Satomi Matsuzaki, a Japanese-born, self-taught musician who moved to San Francisco from Tokyo in 1996, highlights the avant indie-rock of Deerhoof with her childlike vocals and thunderous bass guitar. From the simultaneous irreverence, innocence and brilliance of Matsuzaki’s lyrics, you’d think the tiny frontwoman would have a lot to say on stage. However, drummer Greg Saunier hilariously emerges from behind his sparse drumkit after nearly every song Deerhoof performs, towering over Matsuzaki’s microphone to tell straight-faced jokes while she giggles beside him.
There’s no method to the routine beyond expediency, according to Matsuzaki.
“Greg is speaking for me while I am taking a break from singing between songs,” she says. “Why not drummer speaks? Greg actually doesn’t like to talk on stage but we encourage him. We think his speech is funny!” Not unlike rock fans unable to warm to Sonic Youth and the Velvet Underground, some consider noise the only method to Deerhoof ’s magical madness. Based in Oakland, the cult sensation actually debuted as a duo in 1995, with the Oberlin-educated virtuoso Saunier convulsively drumming and since-departed Rob Fisk playing bass. Through wild experimentation, intense practice and heavy touring over 15 years and 10 albums, Deerhoof has evolved into one of the most interesting bands in American popular music.
Offend Maggie (2008), Deerhoof ’s triumphant return to life as a dual-guitar quintet, saw the band’s art-rock beginnings come full circle with Matsuzaki’s adorably creative lyrics — alternated between English and Japanese — tempered by 12-string psychedelia and Saunier’s spastic drums. Unlike the stripped-down and playful bomp of 2006’s Friend Opportunity — which suffered from the loss of second guitarist Chris Cohen — Offend Maggie’s enjoyable depth again proved Deerhoof worthy of the big-time opening slots the band was given by Radiohead and the Flaming Lips a few years ago.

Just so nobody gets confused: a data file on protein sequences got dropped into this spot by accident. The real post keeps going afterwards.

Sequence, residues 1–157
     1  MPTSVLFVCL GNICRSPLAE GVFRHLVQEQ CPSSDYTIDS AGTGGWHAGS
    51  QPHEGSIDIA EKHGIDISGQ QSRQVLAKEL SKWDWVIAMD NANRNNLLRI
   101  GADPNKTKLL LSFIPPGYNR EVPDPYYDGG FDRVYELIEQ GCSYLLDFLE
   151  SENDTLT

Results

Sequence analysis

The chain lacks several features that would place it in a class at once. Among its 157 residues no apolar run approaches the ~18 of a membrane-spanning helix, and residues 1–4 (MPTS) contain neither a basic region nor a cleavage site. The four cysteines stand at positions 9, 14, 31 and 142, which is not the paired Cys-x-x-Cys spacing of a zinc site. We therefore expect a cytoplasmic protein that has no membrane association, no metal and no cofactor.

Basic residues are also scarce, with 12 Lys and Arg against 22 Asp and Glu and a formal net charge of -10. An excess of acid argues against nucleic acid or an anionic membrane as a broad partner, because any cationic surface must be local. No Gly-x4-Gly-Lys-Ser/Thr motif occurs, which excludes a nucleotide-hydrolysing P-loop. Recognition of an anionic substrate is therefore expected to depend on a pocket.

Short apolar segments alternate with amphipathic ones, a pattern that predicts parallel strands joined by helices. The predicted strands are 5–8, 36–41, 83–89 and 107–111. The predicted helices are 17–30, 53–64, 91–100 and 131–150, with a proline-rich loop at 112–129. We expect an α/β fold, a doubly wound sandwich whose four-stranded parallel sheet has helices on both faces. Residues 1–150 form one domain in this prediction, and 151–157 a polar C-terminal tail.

Matsuzaki says the band was happy to return to its customary two-guitar format by bringing along Ed Rodriguez, an old friend of longtime Deerhoof guitarist John Dieterich.
“[Now] we have to feed one more person — ugh,” Matsuzaki says. “Just kidding. It’s good to have Ed in the band. He is easygoing and can play anything. Funny too!
“Musically, of course, better than three-piece, especially since Deerhoof writes songs that have thick harmonies. Not possible to play them live without more fingers and one more brain to throw ideas.”
The foursome is excited about its creative new release, Deerhoof vs. Evil, which Matsuzaki described to me just before it dropped on Jan. 25.
“Lots of rhythmic variations, layers of colorful sounds and danceable album!” she says excitedly. “You can play it at home party.”
True, an exceptional portion of the album is playfully danceable, and the upbeat “Superduper Rescue Heads!” could surely highlight any blockbuster super-hero film, but that’s not the whole story.
Deerhoof has always been ambitious, but Deerhoof vs. Evil presents perhaps the band’s most surprising experiment thus far: an LP chock full of pop music. Here and there on previous albums, the group has taken detours into soft-hearted passages of pleasant oddity — between bursts of fuzzed-out dementia — but Deerhoof vs. Evil tracks such as “Behold a Marvel in the Darkness” (with its “What is this thing called love?” refrain) and the wholesome classical-guitar-driven “No One Asked to Dance” are unambiguously adorable.